Jul 7, 2015 by

Subjective scoring

Subjective scoring

“Open Letter to Congressmen”

RE: ESEA Reauthorization

From:  Donna Garner

Date:  7.6.15



Dear Congressman, as you know I have many concerns over the ESEA reauthorization; and I have sent you many of those concerns already.  However, in today’s Wash. Post, I found many other concerns that I need to explain.


First, notice the direction in the ESEA reauthorization toward subjectively scored assessments, portfolios, and project-based learning.  These are all terrible ideas to be placed in federal law because they open the door to the Type #2 philosophy of education found in the Common Core.  Short and simple: Type #1 is objective; Type #2 is subjective.


CHART – TYPE #1 vs. TYPE #2 PHILOSOPHIES OF EDUCATION — http://www.educationviews.org/comparison-types-education-type-1-traditional-vs-type-2-cscope-common-core/


Basic principle: Anything scored subjectively means the evaluator determines the score based upon the value system of the scorer.  Of course, some subjective scoring is necessary in a classroom such as the scoring of essays and hands-on projects.  However, in the local classroom, the teacher has worked with the student day in and day out, knows his strengths and weaknesses, and recognizes when the student needs encouragement and/or correction.


At the state or federal level, subjective scoring leads to dependence upon the scorer’s personal opinions and beliefs.  If, for instance, the scorer is a left-wing liberal, then he is going to grade more harshly a conservative student’s products. If there is not an emphasis on fact-based, right-or-wrong answers, then all sorts of gimmicks can be played; and scorers who hold to political correctness, multiculturalism, the social justice agenda, and environmental extremism can control the assessment scores.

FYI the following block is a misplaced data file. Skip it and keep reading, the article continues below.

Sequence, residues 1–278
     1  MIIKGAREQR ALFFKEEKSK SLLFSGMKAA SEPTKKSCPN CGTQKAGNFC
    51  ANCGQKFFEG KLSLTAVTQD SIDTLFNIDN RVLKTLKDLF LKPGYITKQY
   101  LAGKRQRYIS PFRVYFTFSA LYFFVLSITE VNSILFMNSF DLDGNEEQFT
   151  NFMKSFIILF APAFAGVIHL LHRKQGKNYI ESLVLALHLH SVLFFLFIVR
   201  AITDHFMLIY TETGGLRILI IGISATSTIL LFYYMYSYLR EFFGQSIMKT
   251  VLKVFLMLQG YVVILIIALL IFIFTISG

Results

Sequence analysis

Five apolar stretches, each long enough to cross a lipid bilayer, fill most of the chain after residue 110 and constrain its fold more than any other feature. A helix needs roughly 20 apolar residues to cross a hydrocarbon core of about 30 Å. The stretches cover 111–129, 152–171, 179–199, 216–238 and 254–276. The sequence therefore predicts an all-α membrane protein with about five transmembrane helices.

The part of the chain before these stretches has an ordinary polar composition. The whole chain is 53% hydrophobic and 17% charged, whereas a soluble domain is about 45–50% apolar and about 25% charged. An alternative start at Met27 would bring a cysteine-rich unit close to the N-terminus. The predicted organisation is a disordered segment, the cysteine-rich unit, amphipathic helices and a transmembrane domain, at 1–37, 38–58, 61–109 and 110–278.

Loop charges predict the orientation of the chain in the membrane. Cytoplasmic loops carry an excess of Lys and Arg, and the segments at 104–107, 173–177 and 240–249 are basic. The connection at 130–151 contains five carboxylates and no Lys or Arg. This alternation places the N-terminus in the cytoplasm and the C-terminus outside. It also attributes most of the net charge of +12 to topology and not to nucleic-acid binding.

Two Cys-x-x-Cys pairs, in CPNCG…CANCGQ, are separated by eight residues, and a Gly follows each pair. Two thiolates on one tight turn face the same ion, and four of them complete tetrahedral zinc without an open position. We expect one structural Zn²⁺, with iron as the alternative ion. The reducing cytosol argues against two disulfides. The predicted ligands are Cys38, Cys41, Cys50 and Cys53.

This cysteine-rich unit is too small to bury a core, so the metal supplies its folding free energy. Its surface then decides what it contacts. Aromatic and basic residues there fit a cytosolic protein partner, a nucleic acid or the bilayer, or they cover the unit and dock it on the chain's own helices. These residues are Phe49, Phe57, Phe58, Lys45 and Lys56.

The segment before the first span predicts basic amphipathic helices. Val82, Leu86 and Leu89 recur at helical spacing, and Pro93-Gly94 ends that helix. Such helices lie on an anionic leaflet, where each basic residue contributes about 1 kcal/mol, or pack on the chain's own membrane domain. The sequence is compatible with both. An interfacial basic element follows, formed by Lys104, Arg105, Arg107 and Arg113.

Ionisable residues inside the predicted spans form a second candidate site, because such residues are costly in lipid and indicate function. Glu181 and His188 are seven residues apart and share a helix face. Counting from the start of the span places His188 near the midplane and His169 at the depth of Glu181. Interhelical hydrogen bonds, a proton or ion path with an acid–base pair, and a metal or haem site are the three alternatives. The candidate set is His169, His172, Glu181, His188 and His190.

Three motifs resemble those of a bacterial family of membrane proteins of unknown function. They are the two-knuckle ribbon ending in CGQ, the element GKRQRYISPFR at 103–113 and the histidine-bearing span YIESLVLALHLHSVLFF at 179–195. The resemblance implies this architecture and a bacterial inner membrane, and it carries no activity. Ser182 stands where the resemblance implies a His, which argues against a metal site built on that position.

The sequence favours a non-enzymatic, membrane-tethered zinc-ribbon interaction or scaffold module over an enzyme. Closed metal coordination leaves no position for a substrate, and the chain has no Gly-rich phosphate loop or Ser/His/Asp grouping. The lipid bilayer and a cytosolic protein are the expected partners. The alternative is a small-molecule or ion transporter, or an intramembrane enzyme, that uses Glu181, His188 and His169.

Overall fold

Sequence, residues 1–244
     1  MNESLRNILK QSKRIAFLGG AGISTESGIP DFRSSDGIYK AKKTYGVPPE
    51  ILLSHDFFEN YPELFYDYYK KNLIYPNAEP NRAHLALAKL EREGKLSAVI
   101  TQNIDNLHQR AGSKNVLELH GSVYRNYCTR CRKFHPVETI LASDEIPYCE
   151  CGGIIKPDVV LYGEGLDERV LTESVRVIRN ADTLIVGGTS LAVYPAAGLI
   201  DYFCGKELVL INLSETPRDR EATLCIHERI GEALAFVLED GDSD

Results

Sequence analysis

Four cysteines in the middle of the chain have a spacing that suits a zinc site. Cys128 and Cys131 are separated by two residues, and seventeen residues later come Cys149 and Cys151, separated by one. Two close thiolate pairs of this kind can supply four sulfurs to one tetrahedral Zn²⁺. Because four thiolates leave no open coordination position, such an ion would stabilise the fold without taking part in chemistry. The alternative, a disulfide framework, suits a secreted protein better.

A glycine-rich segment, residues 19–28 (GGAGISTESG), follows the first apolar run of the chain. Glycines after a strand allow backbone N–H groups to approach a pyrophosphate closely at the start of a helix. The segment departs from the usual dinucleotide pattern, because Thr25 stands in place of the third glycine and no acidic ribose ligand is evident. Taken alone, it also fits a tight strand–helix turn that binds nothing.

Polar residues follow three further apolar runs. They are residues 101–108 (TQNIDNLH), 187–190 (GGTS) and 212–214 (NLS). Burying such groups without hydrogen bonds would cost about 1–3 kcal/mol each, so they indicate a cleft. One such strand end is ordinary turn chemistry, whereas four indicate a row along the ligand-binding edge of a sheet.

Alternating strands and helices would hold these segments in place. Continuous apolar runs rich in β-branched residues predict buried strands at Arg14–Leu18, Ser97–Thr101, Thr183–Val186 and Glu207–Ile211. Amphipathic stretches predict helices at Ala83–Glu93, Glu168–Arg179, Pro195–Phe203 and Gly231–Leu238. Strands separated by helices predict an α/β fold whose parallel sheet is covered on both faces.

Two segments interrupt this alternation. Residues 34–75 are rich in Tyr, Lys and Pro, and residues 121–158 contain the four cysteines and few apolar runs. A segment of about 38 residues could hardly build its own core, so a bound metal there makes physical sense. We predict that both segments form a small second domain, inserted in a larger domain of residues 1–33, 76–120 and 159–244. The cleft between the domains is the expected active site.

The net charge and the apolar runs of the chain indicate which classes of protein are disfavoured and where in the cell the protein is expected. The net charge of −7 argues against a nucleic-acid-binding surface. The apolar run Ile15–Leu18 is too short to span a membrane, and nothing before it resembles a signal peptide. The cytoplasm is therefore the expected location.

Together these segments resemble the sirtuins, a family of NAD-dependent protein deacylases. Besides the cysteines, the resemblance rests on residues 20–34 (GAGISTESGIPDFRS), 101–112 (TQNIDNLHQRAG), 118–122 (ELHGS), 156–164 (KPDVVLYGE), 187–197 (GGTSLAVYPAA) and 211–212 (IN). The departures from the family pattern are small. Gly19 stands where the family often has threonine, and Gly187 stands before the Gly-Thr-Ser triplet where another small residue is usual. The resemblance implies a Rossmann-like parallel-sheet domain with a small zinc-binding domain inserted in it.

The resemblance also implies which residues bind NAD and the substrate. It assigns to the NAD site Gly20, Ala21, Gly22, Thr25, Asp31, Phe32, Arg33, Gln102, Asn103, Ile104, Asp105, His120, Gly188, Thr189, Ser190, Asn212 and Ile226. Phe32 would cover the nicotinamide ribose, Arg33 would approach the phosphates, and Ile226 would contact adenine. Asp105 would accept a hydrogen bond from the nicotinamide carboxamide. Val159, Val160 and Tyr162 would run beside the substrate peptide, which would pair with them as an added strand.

The scoring of portfolios and group projects at the state or federal level is extremely subjective. It is a bogus argument for people to say that these types of assessments can be scored objectively – simply cannot be done when human scorers are concerned.


Please vote against any ESEA reauthorization bills. We can live with NCLB for two more years until we get a conservative President and larger numbers of conservative Congressmen into office.  Now is not the time to vote for any omnibus bills where hanky-panky regulations can easily be concealed in those thousands of pages!




7.6.15 – Washington Post





Finally, Congress to start debate on No Child Left Behind rewrite


By Valerie Strauss 


Excerpts from this article:

Each state would design its own accountability system, which would include student test scores, graduation rates, and at least one other indicator selected by the state. States would decide how much weight to assign each component and the balance between assistance and sanctions.

It would allow states to build systems focused on portfolios and projects that could replace statewide exams for accountability purposes. The systems could include locally designed assessments that vary across schools and districts, provided they produce comparable results across the state. The bill also explicitly allows all states to incorporate performance assessments.

allows some states to design performance assessment systems


Donna Garner


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